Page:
DePasquale: Climate Change Costs Pa. Hundreds of Millions of Dollars a Year
The state auditor general says Pennsylvania has failed to make a serious plan to deal with the effects of global warming.
We already know that climate change has the potential to wreak havoc on our environment here in Pennsylvania and across the world (as we wrote in our November issue) — but the global crisis is also expected to cost the state lots of money. In fact, it already does.
Pennsylvania auditor general Eugene DePasquale laid out the financial impacts of climate change in a new report this week, stating that global warming costs Pennsylvania hundreds of millions of dollars a year. DePasquale’s team documented at least $261 million in climate-related costs to Pennsylvania in 2018 alone.
DePasquale — a Democrat whose probes have focused on recreational marijuana, the PPA, DNC surplus spending, and more — says the state needs to come up with a better plan to mitigate the future impacts of climate change. Climate experts say global warming poses threats to public health and safety as well as critical systems like agriculture, power, water, sewer, transportation, tourism, and forestry.
“What concerns me most are the potential impacts that we can’t yet see, driving new costs that will increasingly strain state and municipal budgets,” DePasquale said in a statement accompanying the report. “It’s difficult for most people to fathom the magnitude of the problems that lie ahead – which only makes the planning process even more challenging.”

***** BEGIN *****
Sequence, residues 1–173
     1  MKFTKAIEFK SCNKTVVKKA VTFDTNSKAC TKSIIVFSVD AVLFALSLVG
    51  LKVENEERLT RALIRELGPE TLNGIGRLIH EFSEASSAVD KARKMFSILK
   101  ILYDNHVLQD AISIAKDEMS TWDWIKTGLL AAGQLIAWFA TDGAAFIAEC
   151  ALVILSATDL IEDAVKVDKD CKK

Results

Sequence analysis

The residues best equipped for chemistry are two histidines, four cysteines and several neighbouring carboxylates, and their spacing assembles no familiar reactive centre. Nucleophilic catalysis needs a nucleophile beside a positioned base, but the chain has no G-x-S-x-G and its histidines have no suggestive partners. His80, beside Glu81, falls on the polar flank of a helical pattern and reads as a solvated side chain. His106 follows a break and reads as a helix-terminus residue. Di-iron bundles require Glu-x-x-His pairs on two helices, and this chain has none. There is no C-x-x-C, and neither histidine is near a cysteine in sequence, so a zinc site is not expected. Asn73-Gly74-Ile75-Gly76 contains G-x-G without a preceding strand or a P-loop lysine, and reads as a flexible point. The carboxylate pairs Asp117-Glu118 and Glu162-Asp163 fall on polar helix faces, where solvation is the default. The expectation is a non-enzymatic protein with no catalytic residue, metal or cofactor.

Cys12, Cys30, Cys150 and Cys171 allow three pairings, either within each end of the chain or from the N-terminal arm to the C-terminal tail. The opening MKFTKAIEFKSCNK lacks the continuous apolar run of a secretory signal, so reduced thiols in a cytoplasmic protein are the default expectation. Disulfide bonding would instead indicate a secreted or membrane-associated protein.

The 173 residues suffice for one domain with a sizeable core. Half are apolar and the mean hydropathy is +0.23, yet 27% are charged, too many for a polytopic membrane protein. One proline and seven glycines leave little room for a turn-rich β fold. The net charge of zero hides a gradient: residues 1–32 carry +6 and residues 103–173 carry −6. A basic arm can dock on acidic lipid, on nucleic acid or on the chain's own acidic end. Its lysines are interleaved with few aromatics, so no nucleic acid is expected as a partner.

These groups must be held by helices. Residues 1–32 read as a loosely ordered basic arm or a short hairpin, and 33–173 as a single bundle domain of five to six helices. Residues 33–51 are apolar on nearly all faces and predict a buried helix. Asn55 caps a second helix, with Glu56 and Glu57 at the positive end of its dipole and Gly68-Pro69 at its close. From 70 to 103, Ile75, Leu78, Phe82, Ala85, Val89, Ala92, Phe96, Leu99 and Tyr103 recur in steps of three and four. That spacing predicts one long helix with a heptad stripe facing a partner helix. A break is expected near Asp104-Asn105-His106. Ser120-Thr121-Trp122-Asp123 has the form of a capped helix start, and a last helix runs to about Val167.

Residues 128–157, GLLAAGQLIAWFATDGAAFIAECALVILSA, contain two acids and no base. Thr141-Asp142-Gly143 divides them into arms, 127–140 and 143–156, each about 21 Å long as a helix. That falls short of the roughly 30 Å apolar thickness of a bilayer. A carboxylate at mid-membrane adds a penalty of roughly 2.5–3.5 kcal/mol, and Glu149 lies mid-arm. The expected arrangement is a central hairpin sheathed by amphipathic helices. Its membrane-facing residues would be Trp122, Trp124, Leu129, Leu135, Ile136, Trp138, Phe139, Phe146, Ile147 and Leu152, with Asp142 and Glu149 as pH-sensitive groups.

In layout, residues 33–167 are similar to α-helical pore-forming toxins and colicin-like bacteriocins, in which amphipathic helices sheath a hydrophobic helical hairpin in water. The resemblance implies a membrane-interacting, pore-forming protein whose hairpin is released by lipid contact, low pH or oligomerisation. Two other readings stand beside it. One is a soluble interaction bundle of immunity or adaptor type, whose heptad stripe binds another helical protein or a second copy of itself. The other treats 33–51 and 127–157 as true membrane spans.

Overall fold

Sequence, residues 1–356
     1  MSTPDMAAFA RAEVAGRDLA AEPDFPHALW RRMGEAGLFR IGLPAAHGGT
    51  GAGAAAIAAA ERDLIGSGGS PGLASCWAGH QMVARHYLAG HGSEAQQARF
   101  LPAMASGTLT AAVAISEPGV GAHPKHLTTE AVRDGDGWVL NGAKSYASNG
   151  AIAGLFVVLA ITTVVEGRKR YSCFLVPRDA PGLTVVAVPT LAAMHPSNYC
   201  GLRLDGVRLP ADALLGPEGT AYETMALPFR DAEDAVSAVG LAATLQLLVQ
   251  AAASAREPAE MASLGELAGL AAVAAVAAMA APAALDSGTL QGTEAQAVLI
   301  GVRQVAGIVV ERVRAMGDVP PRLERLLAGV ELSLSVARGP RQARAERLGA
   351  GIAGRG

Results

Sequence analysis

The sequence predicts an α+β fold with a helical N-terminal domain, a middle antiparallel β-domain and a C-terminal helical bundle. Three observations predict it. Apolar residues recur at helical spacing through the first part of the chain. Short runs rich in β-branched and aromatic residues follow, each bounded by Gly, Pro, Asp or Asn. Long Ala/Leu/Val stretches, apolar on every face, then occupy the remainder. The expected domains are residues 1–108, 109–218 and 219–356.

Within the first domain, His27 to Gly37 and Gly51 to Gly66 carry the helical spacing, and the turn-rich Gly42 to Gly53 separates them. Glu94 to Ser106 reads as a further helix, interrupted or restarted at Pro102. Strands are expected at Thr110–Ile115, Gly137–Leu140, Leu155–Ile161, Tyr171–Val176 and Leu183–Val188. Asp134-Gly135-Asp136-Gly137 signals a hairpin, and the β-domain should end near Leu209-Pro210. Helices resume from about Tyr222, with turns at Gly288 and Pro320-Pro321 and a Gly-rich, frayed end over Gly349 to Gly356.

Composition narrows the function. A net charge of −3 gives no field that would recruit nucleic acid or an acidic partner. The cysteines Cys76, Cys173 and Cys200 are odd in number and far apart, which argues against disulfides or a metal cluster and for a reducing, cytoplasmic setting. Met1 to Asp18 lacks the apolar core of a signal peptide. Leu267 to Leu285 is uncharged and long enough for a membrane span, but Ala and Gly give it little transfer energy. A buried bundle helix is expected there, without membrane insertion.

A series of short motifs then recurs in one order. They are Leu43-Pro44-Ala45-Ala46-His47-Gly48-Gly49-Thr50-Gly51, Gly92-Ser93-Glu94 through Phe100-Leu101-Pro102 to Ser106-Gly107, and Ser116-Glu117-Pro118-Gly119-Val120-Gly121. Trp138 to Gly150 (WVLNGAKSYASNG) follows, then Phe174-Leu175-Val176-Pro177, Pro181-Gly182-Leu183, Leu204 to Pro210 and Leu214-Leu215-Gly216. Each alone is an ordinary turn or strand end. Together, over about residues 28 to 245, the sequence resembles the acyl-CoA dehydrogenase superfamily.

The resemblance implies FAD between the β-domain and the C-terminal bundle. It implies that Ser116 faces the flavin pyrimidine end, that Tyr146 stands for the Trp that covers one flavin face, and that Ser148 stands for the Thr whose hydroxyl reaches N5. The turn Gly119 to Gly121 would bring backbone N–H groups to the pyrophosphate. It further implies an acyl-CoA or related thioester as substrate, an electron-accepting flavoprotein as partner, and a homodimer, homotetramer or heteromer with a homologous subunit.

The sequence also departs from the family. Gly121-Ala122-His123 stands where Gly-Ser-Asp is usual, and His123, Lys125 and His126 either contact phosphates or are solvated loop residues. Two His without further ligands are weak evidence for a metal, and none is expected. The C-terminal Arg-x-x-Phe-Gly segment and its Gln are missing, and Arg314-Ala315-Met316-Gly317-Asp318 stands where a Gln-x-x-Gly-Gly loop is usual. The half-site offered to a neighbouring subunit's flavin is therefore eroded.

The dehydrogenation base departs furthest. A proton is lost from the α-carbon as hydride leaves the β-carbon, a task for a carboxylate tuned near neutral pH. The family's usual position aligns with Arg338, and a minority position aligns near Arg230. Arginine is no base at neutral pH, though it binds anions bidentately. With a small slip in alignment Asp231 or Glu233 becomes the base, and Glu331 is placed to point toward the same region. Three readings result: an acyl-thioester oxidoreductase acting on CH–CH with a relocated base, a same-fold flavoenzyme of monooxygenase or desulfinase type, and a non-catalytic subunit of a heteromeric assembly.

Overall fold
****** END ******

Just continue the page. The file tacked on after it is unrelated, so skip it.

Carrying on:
Half of the climate-related costs to Pennsylvania in 2018, or $125.7 million, came from infrastructure damage caused by record-breaking floods and landslides, DePasquale said. According to his report, though, some projected costs and issues include:
- Millions of dollars to equip public school buildings with air conditioning to lessen the effects of heat waves
- An increasing numbers and varieties of pests, as well as changes in produce growing zones and seasons
- Rising sea levels that could disturb shipping and transportation hubs like the Philadelphia International Airport (which we covered in our recent climate change package).
The auditor general called for more leadership at the state level, stating that “taking a solely reactive approach will lead to millions of dollars spent on recovery and remediation” and that the “federal government cannot, and will not, bail us out after every storm.”
DePasquale noted that the Federal Emergency Management Agency failed to cover $63 million in damage to public infrastructure across the state last year.
Among other recommendations, DePasquale suggested that Gov. Tom Wolf create a climate hub to improve coordination on climate change-mitigating efforts among state, county, and local leaders, as well as improve the state’s public awareness campaign and develop and implement measures for its Climate Action Plan. The auditor general also suggested that that Wolf include in his 2020-21 budget a funding increase for all state agencies involved in planning for climate change.
You can read the full report here.